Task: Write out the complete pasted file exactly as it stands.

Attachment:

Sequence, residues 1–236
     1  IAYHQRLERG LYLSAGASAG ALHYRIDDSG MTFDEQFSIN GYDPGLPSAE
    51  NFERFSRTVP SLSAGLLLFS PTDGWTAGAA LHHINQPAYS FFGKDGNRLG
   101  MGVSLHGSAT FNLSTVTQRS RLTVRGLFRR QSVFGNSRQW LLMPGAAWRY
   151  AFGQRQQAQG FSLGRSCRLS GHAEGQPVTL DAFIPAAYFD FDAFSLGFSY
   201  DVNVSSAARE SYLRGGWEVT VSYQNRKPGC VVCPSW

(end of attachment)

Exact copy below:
Sequence, residues 1–236
     1  IAYHQRLERG LYLSAGASAG ALHYRIDDSG MTFDEQFSIN GYDPGLPSAE
    51  NFERFSRTVP SLSAGLLLFS PTDGWTAGAA LHHINQPAYS FFGKDGNRLG
   101  MGVSLHGSAT FNLSTVTQRS RLTVRGLFRR QSVFGNSRQW LLMPGAAWRY
   151  AFGQRQQAQG FSLGRSCRLS GHAEGQPVTL DAFIPAAYFD FDAFSLGFSY
   201  DVNVSSAARE SYLRGGWEVT VSYQNRKPGC VVCPSW